According to Sec. 23(3), of the Danish Copyright Act copies of works of art which have been transferred to others by the author, may be used in newspapers, periodicals, films and TV, when the use is of subordinate purpose in the said context. The use of a work of art, here in the form of applied art, by reproduction on packaging for foods and supermarket leaflets from convenience stores falls outside the scope of use of Sec. 23(3).
A longstanding practice of an industry can in principle restrict the author’s rights in his work in relation to what is set out in the Danish Copyright Act, but it would require strong evidence to establish the existence of such practice.
The use of a copyright-protected work even in a commercial marketing context can be of such secondary importance that – notwithstanding that the rights holder has not permitted the use – it would not amount to copyright infringement. Such non-statutory exemption to the copyright should be construed restrictively and may not influence the normal use of the work in any detrimental way. It also may not unreasonably interfere with the author’s interests. The use is not of such secondary importance if the copyright-protected work appears clearly and must be considered to constitute a material element of the reproductions.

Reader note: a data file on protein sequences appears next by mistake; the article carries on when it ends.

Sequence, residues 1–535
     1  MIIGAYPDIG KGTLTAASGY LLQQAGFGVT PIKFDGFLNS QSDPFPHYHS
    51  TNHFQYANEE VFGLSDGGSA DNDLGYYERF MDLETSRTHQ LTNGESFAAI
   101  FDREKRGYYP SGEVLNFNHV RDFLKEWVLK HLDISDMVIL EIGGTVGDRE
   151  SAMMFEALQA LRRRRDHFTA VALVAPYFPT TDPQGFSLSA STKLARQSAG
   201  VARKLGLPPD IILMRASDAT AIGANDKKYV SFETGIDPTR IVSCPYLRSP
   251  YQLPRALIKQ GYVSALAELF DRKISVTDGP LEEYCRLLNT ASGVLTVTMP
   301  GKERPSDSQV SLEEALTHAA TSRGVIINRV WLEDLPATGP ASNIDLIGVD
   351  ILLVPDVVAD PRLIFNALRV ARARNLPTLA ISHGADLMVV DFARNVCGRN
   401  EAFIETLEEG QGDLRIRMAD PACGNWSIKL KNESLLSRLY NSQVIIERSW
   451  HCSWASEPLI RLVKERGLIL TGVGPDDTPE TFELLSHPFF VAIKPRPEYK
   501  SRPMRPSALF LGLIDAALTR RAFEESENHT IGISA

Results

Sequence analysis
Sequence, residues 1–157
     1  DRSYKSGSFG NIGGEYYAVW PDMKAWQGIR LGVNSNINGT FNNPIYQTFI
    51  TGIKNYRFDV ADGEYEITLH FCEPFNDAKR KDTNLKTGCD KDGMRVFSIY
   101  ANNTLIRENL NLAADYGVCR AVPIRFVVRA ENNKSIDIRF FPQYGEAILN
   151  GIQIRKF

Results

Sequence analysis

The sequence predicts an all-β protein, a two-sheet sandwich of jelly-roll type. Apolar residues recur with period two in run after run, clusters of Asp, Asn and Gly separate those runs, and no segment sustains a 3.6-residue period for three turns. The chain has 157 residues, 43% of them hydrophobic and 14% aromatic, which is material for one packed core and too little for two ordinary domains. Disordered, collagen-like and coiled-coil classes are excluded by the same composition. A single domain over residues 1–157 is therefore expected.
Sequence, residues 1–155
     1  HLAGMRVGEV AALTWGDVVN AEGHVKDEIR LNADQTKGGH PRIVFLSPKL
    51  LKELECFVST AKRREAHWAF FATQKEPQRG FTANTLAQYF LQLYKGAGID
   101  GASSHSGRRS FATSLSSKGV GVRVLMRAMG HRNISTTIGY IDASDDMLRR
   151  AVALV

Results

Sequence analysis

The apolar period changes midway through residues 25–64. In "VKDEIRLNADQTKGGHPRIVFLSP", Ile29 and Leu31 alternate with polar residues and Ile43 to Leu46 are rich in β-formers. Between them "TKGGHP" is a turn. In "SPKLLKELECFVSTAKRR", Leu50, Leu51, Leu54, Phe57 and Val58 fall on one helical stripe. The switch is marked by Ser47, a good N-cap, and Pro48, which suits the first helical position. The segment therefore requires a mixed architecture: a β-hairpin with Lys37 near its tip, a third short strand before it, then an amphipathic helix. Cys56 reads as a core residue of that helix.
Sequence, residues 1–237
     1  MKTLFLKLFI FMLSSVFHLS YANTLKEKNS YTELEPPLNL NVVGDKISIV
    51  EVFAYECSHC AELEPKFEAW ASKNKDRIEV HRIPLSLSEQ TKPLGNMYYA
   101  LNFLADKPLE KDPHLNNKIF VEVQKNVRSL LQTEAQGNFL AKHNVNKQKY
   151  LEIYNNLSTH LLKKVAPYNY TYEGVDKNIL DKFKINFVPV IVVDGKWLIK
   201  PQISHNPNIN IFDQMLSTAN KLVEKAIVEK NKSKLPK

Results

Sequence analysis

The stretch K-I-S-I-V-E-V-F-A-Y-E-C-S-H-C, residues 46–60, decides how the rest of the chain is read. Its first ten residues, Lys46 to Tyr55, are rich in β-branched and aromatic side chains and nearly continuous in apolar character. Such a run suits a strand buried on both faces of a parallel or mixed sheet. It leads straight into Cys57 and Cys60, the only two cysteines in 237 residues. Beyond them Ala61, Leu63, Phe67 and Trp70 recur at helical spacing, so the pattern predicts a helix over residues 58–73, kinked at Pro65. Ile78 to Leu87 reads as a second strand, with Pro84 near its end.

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For a case note on this decision by Jørgen Blomqvist, Morten Rosenmeier and Jens Schovsbo see this issue of IIC at https://doi.org/10.1007/s40319-019-00887-w.
Translated by Behrang Kianzad.
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Coop Danmark A/S v. K.H. Würtz owned by Kasper Heie Würtz Directive 2001/29/EC, Arts. 2, 5; Danish Copyright Act, Secs. 2(1)–(3), 23(1)–(3), 24(1)–(3). “Würtz v. Coop”. IIC 51, 109–112 (2020). https://doi.org/10.1007/s40319-019-00888-9
- De minimis infringement
- Longstanding industry practice as restriction of copyright
- Exceptions and limitations
- Fair use
- Use being of secondary importance
- Use of works in advertisement